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Let $\delta\equiv z\leq z_{\rm observed}$. A value $0\leq\alpha\leq 1$ such that $P(\delta)\leq\alpha$ is considered ``significant'' (i.e., is not simply due to chance) is known as an Alpha Value. The Probability that a variate would assume a value greater than or equal to the observed value strictly by chance, $P(\delta)$, is known as a P-Value.

Depending on the type of data and conventional practices of a given field of study, a variety of different alpha values may be used. One commonly used terminology takes $P(\delta)\geq 5\%$ as ``not significant,'' $1\%<P(\delta)<5\%$, as ``significant'' (sometimes denoted *), and $P(\delta)<1\%$ as ``highly significant'' (sometimes denoted **). Some authors use the term ``almost significant'' to refer to $5\% < P(\delta) < 10\%$, although this practice is not recommended.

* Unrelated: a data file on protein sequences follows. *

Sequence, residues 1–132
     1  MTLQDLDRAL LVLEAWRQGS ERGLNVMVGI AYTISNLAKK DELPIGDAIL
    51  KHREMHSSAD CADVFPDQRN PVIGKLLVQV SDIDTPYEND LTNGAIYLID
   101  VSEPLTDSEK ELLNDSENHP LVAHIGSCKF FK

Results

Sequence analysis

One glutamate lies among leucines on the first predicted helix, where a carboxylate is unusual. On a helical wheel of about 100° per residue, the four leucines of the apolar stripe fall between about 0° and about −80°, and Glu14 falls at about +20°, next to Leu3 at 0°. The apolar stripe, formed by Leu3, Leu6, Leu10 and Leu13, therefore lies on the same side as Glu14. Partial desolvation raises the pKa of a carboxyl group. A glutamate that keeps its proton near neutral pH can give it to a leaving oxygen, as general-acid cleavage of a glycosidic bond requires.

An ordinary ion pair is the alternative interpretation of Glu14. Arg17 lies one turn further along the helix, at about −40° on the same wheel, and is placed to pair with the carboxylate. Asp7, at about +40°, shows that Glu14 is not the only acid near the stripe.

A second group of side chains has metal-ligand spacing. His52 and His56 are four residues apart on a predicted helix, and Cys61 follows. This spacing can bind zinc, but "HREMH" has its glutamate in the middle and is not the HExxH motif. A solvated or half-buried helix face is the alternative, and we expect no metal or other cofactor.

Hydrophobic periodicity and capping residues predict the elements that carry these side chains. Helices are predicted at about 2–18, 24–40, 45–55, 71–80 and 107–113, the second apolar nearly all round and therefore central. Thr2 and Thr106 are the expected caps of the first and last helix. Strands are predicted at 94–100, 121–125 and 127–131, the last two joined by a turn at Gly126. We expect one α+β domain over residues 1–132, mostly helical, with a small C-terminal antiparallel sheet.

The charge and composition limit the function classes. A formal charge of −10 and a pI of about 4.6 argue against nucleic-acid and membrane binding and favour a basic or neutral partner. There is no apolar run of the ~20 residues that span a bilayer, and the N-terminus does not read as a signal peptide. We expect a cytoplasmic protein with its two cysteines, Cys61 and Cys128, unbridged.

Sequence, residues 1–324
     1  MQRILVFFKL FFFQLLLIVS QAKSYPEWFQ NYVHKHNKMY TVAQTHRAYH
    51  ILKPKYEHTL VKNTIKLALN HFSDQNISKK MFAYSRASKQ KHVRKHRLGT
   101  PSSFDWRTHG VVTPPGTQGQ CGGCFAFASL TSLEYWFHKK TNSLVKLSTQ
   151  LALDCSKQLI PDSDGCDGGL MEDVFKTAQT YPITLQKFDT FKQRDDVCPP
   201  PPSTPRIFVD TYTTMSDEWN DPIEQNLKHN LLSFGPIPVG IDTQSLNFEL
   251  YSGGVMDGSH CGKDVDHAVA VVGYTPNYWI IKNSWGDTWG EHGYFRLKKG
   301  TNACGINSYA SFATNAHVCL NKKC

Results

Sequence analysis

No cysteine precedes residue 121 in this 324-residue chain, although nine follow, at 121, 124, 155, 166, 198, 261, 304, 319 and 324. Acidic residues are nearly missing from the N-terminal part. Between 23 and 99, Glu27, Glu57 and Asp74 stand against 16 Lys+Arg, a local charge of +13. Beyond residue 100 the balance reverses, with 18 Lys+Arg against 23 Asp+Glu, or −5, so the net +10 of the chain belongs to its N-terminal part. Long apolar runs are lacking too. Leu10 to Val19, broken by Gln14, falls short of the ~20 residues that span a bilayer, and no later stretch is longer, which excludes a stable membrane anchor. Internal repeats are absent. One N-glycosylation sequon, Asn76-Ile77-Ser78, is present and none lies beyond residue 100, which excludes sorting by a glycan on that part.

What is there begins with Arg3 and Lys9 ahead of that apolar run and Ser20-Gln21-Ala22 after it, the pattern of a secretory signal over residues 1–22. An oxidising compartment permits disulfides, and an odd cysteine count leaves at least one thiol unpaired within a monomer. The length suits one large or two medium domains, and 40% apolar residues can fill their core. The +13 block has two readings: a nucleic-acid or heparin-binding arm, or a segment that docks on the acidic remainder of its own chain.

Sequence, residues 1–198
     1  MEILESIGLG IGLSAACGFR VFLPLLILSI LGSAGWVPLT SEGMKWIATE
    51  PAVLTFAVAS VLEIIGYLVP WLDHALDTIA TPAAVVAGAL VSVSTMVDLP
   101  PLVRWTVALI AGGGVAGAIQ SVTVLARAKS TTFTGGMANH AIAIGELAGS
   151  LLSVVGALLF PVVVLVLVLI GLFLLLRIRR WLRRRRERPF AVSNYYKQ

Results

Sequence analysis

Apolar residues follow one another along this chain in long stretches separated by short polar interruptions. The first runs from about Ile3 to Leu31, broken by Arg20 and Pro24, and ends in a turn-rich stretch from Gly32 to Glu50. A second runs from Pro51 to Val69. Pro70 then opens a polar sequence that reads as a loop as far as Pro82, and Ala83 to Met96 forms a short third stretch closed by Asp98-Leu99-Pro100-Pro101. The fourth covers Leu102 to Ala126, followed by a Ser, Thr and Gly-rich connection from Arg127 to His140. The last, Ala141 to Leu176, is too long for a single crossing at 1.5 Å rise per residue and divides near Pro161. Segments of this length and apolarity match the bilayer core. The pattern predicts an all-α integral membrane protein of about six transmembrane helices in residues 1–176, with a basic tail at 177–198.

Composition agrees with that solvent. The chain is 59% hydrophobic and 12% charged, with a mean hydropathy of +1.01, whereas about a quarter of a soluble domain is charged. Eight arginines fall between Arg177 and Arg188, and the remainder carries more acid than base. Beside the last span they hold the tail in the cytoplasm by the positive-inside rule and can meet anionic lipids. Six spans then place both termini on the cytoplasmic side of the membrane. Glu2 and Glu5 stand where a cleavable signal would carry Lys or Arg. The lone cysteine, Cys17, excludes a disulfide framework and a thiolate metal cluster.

See also Alpha Value, Confidence Interval, P-Value, Probable Error, Significance Test, Statistical Test

© 1996-9 Eric W. Weisstein